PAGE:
Science, Ethics and Education – First Day
Aprile 3rd, 2015 by admin

Professor Gananath Obeyesekere delivering his presentation at the international conference on Science, Ethics and Education at the University of Delhi in Delhi, India on March 24, 2015. Photo/Tenzin Choejor/OHHDL

Professor Gananath Obeyesekere delivering his presentation at the international conference on Science, Ethics and Education at the University of Delhi in Delhi, India on March 24, 2015. Photo/Tenzin Choejor/OHHDL

Science, Ethics and Education – First Day

Delhi, India, 24 March 2015 – A two day international conference opened today at the University of Delhi. Scholars and teachers with roots in the ancient knowledge traditions of India considered how they might contribute to a fuller more rounded education that includes ethical values in addition to more materialistic aims. The meeting attended by Delhi University students took place in the DS Kothari Centre for Science, Ethics and Education. Prof Meenakshi Thapan, moderator of the first session explained that DS Kothari was an outstanding teacher and a great educationist, who worked relentlessly to achieve a synthesis of science, education and moral values. Amongst his important contributions was the Kothari Commission on Secondary Education. His Holiness the Dalai Lama, who has also articulated a vision to include secular ethics in the common education system, was invited to give the inaugural address.

Elder brothers and sisters, professors, and younger brothers and sisters. Delhi University has organized this meeting on this occasion with some support from Mongolian sources. Everybody knows that science gives us an important method for exploring reality. And coming to an understanding of reality is important if your approach to what you are doing is to be realistic. If it isn’t it’s not likely to succeed.

I’ve been interested in science since I was a child. I was always curious to know how and why things worked. When I was given mechanical and clockwork toys I played with them for a while and then took them to bits to see how they worked.  Some of the time I was able to put them together again.”

His Holiness’s interest in science prompted him, more than 30 years ago, to defy a friend’s advice that ‘Science is the killer of religion’ and engage in dialogue with scientists. This in due course led to the setting up of the Mind & Life Institute, which has co-sponsored this meeting. He explained:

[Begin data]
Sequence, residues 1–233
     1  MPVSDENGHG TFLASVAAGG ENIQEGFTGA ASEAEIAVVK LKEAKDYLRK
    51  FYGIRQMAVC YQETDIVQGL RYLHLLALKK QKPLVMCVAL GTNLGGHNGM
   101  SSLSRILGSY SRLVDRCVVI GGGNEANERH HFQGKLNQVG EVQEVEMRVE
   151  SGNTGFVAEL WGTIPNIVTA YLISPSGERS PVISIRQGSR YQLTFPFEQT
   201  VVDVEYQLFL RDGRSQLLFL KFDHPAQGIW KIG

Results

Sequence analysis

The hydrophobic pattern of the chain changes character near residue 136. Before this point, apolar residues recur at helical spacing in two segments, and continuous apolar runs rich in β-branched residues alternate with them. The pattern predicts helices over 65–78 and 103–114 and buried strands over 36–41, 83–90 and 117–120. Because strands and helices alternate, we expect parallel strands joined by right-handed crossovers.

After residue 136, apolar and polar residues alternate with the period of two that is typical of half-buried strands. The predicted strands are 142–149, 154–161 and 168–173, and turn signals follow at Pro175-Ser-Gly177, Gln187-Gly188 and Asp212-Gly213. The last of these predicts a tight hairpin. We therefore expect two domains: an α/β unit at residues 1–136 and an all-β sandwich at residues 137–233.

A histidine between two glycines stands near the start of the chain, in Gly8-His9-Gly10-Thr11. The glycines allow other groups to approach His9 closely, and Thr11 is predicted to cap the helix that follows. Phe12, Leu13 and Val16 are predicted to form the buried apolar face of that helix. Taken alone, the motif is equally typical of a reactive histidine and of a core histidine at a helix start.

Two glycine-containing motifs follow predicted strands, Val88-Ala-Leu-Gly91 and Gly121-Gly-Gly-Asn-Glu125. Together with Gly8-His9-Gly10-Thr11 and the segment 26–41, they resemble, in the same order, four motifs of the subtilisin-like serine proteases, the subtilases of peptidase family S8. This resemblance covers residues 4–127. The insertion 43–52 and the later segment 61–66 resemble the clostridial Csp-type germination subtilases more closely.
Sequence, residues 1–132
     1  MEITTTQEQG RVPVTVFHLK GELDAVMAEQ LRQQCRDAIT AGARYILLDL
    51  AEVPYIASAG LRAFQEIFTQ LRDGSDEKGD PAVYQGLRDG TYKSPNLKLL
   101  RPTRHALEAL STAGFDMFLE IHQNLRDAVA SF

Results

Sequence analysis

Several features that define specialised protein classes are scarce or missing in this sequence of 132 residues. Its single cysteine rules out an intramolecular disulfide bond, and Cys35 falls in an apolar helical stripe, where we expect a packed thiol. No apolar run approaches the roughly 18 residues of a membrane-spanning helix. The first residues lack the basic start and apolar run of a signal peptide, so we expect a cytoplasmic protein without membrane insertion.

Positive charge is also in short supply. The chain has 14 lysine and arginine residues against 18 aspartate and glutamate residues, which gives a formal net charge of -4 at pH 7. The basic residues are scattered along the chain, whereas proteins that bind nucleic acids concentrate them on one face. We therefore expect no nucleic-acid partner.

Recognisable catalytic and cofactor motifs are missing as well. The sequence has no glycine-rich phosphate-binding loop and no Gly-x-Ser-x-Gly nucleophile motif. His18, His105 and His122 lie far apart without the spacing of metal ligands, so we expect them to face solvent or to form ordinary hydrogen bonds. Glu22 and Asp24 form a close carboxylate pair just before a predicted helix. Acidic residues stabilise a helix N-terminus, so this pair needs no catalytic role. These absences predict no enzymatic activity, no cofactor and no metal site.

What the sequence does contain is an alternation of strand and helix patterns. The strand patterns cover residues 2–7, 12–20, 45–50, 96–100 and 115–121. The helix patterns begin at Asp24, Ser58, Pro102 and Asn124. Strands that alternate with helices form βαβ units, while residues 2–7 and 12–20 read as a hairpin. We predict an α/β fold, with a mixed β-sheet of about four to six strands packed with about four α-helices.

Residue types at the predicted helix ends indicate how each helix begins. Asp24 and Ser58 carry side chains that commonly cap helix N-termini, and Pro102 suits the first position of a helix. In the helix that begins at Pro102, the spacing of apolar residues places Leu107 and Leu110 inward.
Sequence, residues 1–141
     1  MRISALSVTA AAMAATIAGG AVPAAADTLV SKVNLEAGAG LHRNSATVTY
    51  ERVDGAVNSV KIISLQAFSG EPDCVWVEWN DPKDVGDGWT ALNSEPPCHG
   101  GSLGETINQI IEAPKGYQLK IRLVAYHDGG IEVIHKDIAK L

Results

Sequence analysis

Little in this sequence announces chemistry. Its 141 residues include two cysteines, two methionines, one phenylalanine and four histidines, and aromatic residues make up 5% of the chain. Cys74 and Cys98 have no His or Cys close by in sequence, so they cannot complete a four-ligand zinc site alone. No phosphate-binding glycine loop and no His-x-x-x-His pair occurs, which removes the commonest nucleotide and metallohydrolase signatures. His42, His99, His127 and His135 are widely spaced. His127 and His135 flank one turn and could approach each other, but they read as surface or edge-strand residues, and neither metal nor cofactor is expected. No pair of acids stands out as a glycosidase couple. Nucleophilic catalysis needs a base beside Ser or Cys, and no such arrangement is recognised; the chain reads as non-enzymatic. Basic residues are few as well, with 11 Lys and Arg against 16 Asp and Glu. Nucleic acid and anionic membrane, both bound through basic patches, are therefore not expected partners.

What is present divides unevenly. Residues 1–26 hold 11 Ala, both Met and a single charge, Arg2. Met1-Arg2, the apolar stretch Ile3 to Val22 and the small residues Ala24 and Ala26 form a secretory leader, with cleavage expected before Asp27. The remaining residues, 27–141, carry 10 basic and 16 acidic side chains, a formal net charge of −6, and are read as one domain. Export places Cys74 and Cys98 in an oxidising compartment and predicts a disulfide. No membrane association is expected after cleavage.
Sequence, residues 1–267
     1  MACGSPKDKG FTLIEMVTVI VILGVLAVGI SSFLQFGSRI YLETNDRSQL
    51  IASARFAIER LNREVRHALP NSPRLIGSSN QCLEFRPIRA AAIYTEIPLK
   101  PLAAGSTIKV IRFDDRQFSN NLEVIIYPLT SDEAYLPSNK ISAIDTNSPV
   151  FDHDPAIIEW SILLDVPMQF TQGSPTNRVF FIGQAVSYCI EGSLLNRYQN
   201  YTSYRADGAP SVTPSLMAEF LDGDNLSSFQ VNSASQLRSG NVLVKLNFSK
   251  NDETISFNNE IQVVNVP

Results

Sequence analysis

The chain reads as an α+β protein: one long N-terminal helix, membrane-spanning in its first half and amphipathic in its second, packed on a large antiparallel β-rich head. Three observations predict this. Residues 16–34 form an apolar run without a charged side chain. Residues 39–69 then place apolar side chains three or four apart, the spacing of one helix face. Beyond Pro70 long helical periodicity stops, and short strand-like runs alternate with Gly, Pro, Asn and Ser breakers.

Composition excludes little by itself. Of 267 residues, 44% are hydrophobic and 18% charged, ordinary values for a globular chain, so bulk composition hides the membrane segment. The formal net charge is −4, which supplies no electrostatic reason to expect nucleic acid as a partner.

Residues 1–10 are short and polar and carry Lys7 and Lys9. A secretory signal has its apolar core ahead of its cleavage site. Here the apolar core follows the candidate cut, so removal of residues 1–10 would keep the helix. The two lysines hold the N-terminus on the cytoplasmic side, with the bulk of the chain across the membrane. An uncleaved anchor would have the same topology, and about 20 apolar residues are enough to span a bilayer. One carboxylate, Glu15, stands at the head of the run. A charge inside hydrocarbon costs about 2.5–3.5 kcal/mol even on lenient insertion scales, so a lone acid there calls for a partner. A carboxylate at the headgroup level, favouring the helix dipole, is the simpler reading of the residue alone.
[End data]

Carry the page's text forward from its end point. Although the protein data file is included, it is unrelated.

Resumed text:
“Many scientists are now interested to know more about the ancient Indian science of mind. To begin with they assumed that the mind was the product of or entirely dependent on the brain, so if the brain stopped the mind stopped. Nowadays however, there are clear findings that mind training can affect the brain.”
His Holiness pointed out that many of the problems we face today relate to an imbalance in the way we develop our brains and hearts. Too often the emphasis is on developing a powerful brain despite the fact that as human beings we have the potential to develop warm-heartedness. Any human being who has experienced a mother’s affection has the potential in turn to show affection to others. Scientists have found that infants shown images of people helping each other or hindering each other clearly show a preference for the helpful. This suggests that it is basic human nature to be generous and helpful. His Holiness suggested that common sense tells us that we can be happy even if we are poor if we are also warm-hearted, whereas being wealthy and self-centred leaves us miserable.
Of the 7 billion human beings alive today, 1 billion declare themselves uninterested in religion. His Holiness asked how they can benefit from notions that inner values, which are often associated with religious ideas, are a real source of human values. He suggests the need to employ a secular approach to ethics, secular in the Indian interpretation of respecting all religious traditions and even the views of non-believers in an unbiased way. Secular ethics rooted in scientific findings, common experience andcommon sense can easily be introduced into the secular education system. If that can be done there is a real prospect, he said, of making this 21st century an era of peace and compassion.
The Pro Vice Chancellor, Professor Sudhish Pachauri, who is a professor of Hindi, gave a brief speech of welcome to His Holiness and the conference delegates in Hindi.
Prof Thapan, moderator of the first session, introduced Professor Gananath Obeyesekere, who, born and brought up in Sri Lanka, eventually became Professor Emeritus of Anthropology at Princeton University. He spoke of the dry presentation of Buddhist teachings in abstract intellectual terms that he remembers from his youth. These were in contrast to the experience of going to pilgrimage places where pilgrims and their teachers told stories based on vernacular texts.